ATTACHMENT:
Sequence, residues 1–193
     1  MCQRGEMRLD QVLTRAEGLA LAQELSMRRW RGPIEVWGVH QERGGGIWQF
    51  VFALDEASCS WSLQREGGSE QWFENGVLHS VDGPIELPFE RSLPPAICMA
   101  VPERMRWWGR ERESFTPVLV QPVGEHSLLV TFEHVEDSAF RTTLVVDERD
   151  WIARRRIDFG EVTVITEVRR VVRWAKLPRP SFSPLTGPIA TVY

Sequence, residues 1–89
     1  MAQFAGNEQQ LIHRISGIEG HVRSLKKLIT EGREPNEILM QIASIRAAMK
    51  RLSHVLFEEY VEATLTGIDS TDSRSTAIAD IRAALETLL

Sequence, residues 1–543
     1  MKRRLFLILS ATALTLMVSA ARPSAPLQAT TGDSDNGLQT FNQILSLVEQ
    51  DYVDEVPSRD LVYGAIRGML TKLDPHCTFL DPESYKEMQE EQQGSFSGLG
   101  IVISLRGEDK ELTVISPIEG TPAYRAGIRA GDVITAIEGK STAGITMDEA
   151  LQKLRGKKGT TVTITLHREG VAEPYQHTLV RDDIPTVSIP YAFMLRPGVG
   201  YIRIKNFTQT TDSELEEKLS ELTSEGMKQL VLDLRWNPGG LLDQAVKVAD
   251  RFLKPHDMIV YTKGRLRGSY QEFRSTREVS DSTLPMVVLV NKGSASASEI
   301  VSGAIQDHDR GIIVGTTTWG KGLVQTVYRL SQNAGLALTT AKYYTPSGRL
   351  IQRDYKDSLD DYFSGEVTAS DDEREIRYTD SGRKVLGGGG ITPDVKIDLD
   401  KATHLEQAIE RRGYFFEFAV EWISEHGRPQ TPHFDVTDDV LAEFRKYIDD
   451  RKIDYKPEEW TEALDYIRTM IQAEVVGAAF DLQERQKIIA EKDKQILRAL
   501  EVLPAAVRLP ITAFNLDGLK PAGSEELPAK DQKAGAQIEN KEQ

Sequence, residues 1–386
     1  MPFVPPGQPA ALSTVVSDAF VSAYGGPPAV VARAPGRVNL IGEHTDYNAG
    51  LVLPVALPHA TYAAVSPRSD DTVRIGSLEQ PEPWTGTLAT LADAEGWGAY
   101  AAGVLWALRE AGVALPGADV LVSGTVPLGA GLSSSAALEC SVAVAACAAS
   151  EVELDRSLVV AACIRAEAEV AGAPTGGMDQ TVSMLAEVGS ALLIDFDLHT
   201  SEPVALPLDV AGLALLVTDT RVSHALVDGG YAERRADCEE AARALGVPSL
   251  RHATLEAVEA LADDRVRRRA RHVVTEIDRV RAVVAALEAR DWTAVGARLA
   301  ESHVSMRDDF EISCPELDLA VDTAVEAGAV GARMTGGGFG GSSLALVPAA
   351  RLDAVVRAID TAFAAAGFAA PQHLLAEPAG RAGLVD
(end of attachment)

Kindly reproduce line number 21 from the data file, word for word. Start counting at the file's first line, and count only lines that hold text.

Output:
Sequence, residues 1–386